Researchers at Texas Biomed in San Antonio report that Mexican American children are presenting with obesity and pre-diabetes along with other health issues that normally occur later in life (metabolic syndrome). They suggest these children receive early screening and intervention to prevent chronic health issues as they age. This research was directed by Ravindranath Duggirla, Ph.D., a Texas Biomed scientist, along with scientists from University of Texas Health Science Center at San Antonio and other institutions. Their findings are available online in the journal Human Genetics. This research was primarily funded by the National Institutes of Health (NIH) through the National Institute of Child Health and Human Development.
Metabolic syndrome is a combination of health disorders, that when present together, increase the risk of developing cardiovascular disease and diabetes. Symptoms include an increase in blood pressure, blood sugar and insulin along with excess fat around the waist and in the bloodstream. Currently, it is estimated that 2.5 million teenagers in the U.S. have this syndrome, and Mexican Americans are particularly susceptible.
Texas Biomed researchers looked at 670 non-diabetic girls and boys from lower-income extended Mexican American families. Their ages ranged from 6 to 17 years of age. They found that almost 53 percent of these children were overweight or obese ,and 13 percent were pre-diabetic. Almost 1 in 5 of the 670 children (19 percent) presented with metabolic syndrome. The proportion of metabolic syndrome in this population increased with increasing obesity. Of the 65 children who were severely obese, more than two-thirds had already developed metabolic syndrome.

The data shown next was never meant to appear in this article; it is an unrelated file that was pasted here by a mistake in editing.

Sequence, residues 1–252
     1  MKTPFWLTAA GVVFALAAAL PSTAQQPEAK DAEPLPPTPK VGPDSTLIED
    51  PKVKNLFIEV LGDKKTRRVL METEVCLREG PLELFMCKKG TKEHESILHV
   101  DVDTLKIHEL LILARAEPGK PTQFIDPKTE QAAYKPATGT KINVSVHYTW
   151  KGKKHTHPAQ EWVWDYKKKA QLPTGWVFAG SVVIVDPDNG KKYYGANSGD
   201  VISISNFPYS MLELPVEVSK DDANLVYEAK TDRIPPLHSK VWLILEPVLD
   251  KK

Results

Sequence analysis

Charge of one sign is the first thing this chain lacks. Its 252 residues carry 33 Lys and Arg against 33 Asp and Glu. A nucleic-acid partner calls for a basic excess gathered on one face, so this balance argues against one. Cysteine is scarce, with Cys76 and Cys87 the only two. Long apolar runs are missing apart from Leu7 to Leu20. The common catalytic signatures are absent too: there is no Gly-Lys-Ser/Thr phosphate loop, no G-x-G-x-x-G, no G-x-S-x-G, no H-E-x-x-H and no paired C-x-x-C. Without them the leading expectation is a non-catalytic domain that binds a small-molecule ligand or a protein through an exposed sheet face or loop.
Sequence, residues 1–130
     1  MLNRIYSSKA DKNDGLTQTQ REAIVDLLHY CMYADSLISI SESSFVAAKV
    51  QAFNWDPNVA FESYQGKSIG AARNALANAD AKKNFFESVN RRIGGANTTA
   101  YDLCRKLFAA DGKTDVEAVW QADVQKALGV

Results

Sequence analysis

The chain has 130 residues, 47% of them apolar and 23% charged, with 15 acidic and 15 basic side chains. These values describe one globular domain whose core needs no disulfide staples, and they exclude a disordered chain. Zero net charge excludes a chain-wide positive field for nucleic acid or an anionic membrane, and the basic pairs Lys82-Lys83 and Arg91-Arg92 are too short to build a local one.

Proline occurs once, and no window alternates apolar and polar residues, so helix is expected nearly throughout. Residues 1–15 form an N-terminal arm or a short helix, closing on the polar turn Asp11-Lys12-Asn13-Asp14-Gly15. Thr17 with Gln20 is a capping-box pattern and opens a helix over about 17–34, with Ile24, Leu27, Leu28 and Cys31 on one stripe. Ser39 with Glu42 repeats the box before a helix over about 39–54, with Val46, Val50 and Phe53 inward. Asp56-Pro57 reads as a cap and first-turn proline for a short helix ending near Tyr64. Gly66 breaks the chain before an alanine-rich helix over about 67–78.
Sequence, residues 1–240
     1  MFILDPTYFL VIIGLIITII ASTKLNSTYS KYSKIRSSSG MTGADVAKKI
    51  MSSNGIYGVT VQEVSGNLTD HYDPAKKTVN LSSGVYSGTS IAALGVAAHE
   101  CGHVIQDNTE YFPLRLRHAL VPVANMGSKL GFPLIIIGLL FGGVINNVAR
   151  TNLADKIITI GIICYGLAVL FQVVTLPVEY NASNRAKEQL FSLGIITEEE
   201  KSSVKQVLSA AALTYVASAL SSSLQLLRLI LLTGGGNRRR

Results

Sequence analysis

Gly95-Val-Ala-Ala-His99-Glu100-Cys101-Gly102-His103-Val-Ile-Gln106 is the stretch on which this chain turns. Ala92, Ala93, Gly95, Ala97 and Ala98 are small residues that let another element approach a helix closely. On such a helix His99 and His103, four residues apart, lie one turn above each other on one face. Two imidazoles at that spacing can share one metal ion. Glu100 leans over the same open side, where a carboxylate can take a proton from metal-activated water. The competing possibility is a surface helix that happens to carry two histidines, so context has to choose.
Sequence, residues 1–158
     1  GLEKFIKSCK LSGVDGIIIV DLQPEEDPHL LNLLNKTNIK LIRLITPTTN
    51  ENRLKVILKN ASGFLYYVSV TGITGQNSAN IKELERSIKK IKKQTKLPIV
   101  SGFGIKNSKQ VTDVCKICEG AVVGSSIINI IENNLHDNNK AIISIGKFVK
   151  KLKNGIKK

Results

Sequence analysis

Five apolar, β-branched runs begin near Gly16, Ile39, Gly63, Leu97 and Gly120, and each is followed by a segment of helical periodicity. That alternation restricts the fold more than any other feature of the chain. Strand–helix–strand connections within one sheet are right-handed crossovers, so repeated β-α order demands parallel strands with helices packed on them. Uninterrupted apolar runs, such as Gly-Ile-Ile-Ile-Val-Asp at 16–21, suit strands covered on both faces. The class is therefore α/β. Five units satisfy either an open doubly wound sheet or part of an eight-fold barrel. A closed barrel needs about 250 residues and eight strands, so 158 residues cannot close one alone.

These children were enrolled in the San Antonio Family Assessment of Metabolic Risk Indicators in Youth (SAFARI). All went to the Texas Diabetes Institute for clinical assessments. The adult members of these families had previously participated in genetic testing by researchers at Texas Biomed, which allowed these researchers to rely on a fair amount of family-based information to provide information of heritability for metabolic syndrome.
This group of researchers are seeking to find better ways to prevent or delay metabolic syndrome. According to Duggirala, “Much attention has been devoted to environmental and lifestyle contributors to obesity. But these data provide insights into the complex genetic architecture underlying risk for metabolic disease in these children. Insights gained through a genetic approach may help to tailor effective dietary, physical-activity and other interventions for high-risk young people.”
According to Sharon Fowler, M.P.H., of the Health Science Center, “SAFARI data suggest that if risk-factor screening of high-risk children could be performed by age six, it could provide an opportunity for interventions which might delay or prevent their developing debilitating health conditions later in life.”
Duggirala and colleagues continue their research by conducting further genetic testing to find which genes directly influence the development of metabolic syndrome. In the future, they hope to develop family-based lifestyle alterations for SAFARI participants to prevent development of serious health issues in these young people.
Be sure to read our info page on the Texas Biomedical Research Institute on BioNews Texas